Strengthen unions to stimulate demand

A higher Education teacher stands on the picket line at Cambridge Universitie this morning (Tuesday). Teachers all over the country are have staged staged a one- day strike over pay. Picture by Stefan Rousseau/PA. See INDUSTRY Universities

The Brexit campaign saw much pontificating about the need to free UK businesses from the yoke of workplace regulations and union protections, in order to ‘make Britain competitive’. This reliably translates to ‘allow business to suppress wages’; making Britain’s workforce low paid and malleable enough to attract transnationals to set up shop here. This is supposed to create investment, which creates jobs, which creates demand, which stimulates investment, and so on. The logic goes that wages are a cost to businesses, so an upwards pressure upon them begins to look a lot like a threat to those tantalising profit margins intended to attract investment. This enlightened progress towards poverty salaries can be thoroughly derailed by union action. Unions are after all one of the – if not the singular – most important forces in gaining and defending wage rises. Workforces and industries with greater union density have consistently higher wages; like herd immunity, it’s a benefit reaped even by those individuals who don’t happen to be unionised themselves.

If unions are a threat to the economy, then gutting their legal protections amounts to a defence of the public interest. In this respect, public interest has been very thoroughly and rigorously defended over the past few decades. The impact of collective bargaining has been weakened by a steady rollback on legal protections surrounding, making it more and risky to organise – combined with heavy police crackdowns on union action. Union density has halved in the last thirty years. If this was meant to allow wages to fall, it has worked like a charm. As a percentage of national income, wages have fallen by 8.9% compared with their peak in 1975. Since the start of the most recent financial crisis in 2007, the UK has enjoyed a real-terms fall in wages of over 10% – second only to Greece. In fact, wages have been so successfully shrunk that it’s a little mystifying why the economy, according to this rationale, is far from flourishing, and worker productivity is actually falling.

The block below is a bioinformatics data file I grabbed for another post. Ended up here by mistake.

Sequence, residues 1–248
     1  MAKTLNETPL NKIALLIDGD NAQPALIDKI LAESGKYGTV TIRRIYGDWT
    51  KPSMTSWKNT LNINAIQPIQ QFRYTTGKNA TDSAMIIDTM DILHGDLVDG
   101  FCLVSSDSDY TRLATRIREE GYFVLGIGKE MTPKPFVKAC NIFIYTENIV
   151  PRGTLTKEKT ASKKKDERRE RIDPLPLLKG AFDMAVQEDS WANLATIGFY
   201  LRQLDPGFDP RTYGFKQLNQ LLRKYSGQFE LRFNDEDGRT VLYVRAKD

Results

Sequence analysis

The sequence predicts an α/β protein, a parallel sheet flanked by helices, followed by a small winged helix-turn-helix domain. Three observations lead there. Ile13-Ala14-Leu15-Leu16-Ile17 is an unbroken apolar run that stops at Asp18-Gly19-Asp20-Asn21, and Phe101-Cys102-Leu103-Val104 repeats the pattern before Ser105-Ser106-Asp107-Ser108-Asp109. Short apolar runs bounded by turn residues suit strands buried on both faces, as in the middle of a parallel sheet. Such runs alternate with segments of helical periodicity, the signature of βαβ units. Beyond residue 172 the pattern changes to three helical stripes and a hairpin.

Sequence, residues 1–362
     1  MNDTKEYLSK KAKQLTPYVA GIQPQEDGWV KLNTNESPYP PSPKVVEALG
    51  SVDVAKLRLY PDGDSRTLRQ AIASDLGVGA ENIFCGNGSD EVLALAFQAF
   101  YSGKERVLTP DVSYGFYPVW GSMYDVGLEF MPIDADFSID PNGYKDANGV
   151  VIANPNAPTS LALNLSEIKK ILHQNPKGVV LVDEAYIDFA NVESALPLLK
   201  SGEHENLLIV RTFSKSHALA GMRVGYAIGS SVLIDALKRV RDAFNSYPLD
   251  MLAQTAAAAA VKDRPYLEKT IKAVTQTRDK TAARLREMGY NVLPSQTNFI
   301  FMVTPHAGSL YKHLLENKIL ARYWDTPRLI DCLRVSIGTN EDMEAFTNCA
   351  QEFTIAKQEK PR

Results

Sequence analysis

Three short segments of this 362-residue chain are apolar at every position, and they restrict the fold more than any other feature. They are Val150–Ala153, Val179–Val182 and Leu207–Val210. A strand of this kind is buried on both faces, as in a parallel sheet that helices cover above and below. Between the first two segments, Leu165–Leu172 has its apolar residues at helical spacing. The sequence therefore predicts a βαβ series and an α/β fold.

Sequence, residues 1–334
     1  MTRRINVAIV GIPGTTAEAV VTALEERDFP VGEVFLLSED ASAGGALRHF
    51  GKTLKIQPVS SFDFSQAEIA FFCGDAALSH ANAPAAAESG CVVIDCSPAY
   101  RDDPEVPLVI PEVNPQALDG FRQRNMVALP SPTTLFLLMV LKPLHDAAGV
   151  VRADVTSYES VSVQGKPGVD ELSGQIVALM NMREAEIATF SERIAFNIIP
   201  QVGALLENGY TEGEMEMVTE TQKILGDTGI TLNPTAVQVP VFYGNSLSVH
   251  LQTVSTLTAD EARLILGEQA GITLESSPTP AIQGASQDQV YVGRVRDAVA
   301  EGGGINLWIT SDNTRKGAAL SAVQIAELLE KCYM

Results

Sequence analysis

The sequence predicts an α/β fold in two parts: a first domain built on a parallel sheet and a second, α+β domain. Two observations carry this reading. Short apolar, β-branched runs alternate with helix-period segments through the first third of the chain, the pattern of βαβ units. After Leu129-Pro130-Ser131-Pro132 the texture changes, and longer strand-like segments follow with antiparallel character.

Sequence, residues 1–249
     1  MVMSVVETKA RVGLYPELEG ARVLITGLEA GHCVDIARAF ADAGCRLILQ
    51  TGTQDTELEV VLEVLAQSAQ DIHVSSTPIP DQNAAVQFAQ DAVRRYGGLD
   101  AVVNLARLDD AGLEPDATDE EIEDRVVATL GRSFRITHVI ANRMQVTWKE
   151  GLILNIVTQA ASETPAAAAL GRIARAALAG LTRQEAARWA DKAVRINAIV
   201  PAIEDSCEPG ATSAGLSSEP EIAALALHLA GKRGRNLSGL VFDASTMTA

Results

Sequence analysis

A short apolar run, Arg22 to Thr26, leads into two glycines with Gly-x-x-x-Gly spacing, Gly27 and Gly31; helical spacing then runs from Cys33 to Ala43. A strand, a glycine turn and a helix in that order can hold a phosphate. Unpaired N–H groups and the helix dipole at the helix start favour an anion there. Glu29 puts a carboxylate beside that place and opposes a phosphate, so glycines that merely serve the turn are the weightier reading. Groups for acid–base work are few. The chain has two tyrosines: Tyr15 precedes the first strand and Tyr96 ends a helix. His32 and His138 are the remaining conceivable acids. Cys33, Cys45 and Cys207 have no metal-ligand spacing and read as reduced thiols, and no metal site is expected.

We must re-evaluate how we think about wages. They aren’t just a burdensome cost to businesses, to be avoided as much as possible. They are also the basis of demand. They largely provide the money people use to pay rent, buy food, heat their houses. They provide money we use to buy mini-scooters and electric toothbrushes and magazine subscriptions and all the other products whose manufacture, distribution and sale forms a fundamental part of the economy. If wages are squeezed, then people have less cash to spend on consumer goods and services. Whilst squeezing wages might be a good idea for any one business, for businesses in general it’s a recipe for disaster: they are essentially competing to gut their demand base. Indeed, this pattern obtains across Europe. With a common currency and tight controls on fiscal policy, wage suppression is one of the most readily available ways in which countries can pursue a competitive advantage over their neighbours, trying to make workers more productive per euro spent on their wage packet. It’s rapidly becoming a race to the bottom; with countries competing to pay people less, for harder and longer work days. Countries with a trade surplus, exporting more than they import, are less dependent on the wage packets of domestic workers to secure a basic level of demand. But if these countries trigger a race to the bottom – well, it means that foreign wage packets are diminishing too. There are few winners. 

If we strengthen collective bargaining, we bolster the power of trade unions to act as a bulwark against this mutually assured stagnation. If we roll out strong legal protections around union action, we can increase the power of unions to effectively demand wage rises. Moreover, by rebalancing the amount recouped in wages by low-income workers, we can ensure that wages do the most work in stimulating demand. If you give someone on minimum wage fifty quid, they are almost guaranteed to spend it – not through some inherent profligacy, but simply because they need that cash. If that same fifty quid is paid as a dividend to a CEO – someone who most directly benefits from rising profits – it’s much more likely either to be saved, or to be driven into unproductive investments (like, say, inflating the cost of houses). 

It also acts as a check on the enormous amount that the government shells out to plug the gap between inadequate wages and the rising cost of living. When people depend on welfare to scrape by, make it to work the next day, and keep the company running, welfare payouts amount to a massive public subsidy to businesses and landlords. This isn’t a magic bullet – the point of trade union action is not to save capitalism from its own caprices. But it’s a step towards rebalancing the distribution of economic power in our country, and stemming the collapse in living standards that threatens the real ‘wealth-creators’ with precarity and penury.

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